Article

Reopening of ATP-sensitive potassium channels reduces neuropathic pain and regulates astroglial gap junctions in the rat spinal cord

Department of Neurobiology, Parker University Research Institute, Dallas, TX 75229, USA.
Pain (Impact Factor: 5.84). 09/2011; 152(11):2605-15. DOI: 10.1016/j.pain.2011.08.003
Source: PubMed

ABSTRACT Adenosine triphosphate-sensitive potassium (K(ATP)) channels are suggested to be involved in pathogenesis of neuropathic pain, but remain underinvestigated in primary afferents and in the spinal cord. We examined alterations of K(ATP) channels in rat spinal cord and tested whether and how they could contribute to neuropathic pain. The results showed that protein expression for K(ATP) channel subunits SUR1, SUR2, and Kir6.1, but not Kir6.2, were significantly downregulated and associated with thermal hyperalgesia and mechanical allodynia after sciatic nerve injury. Spinal administration of a K(ATP) channel opener cromakalim (CRO, 5, 10, and 20 μg, respectively) prevented or suppressed, in a dose-dependent manner, the hyperalgesia and allodynia. Nerve injury also significantly increased expression and phosphorylation of connexin 43, an astroglial gap junction protein. Such an increase of phosphorylation of connexin 43 was inhibited by CRO treatment. Furthermore, preadministration of an astroglial gap junction decoupler carbenoxolone (10 μg) completely reversed the inhibitory effects of CRO treatment on the hyperalgesia and allodynia and phosphorylation of NR1 and NR2B receptors and the subsequent activation of Ca(2+)-dependent signals Ca(2+)/calmodulin-dependent kinase II and cyclic adenosine monophosphate (cAMP) response element binding protein. These findings suggest that nerve injury-induced downregulation of the K(ATP) channels in the spinal cord may interrupt the astroglial gap junctional function and contribute to neuropathic pain, thus the K(ATP) channels opener can reduce neuropathic pain probably partly via regulating the astroglial gap junctions. This study may provide a new strategy for treating neuropathic pain using K(ATP) channel openers in the clinic.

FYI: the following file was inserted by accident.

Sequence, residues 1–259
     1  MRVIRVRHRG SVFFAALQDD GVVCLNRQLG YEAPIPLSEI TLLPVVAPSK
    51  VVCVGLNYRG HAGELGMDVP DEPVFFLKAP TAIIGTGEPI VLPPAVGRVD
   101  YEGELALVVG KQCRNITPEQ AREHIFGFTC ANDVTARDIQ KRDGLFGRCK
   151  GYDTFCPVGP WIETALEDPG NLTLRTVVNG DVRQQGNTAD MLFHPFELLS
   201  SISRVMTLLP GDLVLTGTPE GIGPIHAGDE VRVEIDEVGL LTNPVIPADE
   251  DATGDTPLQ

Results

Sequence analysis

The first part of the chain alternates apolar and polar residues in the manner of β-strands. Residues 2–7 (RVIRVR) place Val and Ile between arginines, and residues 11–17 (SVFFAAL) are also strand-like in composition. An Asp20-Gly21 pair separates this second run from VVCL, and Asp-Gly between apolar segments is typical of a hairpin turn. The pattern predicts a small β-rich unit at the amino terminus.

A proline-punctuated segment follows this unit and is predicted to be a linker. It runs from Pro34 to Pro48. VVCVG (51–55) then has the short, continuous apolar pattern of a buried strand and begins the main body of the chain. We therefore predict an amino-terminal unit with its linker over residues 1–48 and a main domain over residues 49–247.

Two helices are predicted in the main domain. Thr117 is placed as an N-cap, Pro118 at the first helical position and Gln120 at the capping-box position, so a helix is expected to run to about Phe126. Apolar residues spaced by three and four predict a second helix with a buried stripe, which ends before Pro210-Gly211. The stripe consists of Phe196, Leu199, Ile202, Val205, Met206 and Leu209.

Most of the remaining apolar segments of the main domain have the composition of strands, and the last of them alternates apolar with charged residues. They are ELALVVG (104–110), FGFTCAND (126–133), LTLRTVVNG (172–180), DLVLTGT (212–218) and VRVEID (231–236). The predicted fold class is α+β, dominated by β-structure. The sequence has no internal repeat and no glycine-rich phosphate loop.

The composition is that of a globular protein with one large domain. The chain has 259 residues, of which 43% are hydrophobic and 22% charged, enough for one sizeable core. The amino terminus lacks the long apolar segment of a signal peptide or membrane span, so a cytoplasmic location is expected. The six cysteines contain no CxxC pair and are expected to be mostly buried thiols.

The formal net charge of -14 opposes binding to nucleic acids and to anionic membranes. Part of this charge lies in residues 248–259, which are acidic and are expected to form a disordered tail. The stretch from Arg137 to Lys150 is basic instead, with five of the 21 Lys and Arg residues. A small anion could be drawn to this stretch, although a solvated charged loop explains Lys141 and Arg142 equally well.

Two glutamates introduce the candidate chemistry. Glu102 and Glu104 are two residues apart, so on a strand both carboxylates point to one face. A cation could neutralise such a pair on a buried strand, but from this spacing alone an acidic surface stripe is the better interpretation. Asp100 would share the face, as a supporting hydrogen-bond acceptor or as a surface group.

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Available from: Xue-Jun Song, Aug 01, 2015
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    • "Expression of Cx43 was not found in either neurons (Fig. 1D) or microglia (Fig. 1E). In the current study, punctuate immunostaining of Cx43 was detected around astrocytes, suggesting pericellular localization, which is consistent with previous findings (Rouach et al., 2008; Wu et al., 2011). Also, as previous reported, Cx43 was expressed not only on glial cell bodies but also processes (Giaume et al., 2010). "